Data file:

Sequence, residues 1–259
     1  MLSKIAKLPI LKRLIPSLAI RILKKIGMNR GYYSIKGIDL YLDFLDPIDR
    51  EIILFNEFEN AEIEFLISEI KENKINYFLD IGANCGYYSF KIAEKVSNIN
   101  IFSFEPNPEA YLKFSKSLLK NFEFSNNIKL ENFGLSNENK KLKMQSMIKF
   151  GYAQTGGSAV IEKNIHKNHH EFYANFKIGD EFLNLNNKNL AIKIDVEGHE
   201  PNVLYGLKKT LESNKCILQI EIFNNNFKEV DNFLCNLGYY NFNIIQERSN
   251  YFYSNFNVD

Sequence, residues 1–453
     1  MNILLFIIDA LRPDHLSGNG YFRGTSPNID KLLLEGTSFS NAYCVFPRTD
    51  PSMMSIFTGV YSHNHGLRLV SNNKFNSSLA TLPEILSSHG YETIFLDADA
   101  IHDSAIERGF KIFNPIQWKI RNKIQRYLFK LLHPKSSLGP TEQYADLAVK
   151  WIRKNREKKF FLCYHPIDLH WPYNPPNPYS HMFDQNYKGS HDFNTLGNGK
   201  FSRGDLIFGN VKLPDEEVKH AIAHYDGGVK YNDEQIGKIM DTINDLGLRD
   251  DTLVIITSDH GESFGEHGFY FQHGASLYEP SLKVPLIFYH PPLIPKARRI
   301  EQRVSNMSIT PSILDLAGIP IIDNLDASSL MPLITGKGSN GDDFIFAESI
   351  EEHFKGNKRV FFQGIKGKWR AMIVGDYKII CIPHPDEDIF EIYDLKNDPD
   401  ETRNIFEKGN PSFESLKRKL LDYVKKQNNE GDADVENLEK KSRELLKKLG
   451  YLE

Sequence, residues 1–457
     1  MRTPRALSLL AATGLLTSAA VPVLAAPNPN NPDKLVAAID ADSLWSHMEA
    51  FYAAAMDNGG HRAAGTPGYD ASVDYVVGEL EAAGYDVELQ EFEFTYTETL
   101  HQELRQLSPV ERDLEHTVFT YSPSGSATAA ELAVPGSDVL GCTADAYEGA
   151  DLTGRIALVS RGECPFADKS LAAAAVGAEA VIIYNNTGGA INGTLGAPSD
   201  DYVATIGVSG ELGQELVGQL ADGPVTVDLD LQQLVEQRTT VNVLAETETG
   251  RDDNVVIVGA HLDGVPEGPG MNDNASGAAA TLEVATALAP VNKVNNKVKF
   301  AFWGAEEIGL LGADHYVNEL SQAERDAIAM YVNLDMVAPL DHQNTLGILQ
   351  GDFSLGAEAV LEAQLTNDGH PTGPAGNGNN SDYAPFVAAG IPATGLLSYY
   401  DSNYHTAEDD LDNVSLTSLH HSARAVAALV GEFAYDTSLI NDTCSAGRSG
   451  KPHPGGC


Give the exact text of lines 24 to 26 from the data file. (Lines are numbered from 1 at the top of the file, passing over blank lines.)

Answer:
   201  DYVATIGVSG ELGQELVGQL ADGPVTVDLD LQQLVEQRTT VNVLAETETG
   251  RDDNVVIVGA HLDGVPEGPG MNDNASGAAA TLEVATALAP VNKVNNKVKF
   301  AFWGAEEIGL LGADHYVNEL SQAERDAIAM YVNLDMVAPL DHQNTLGILQ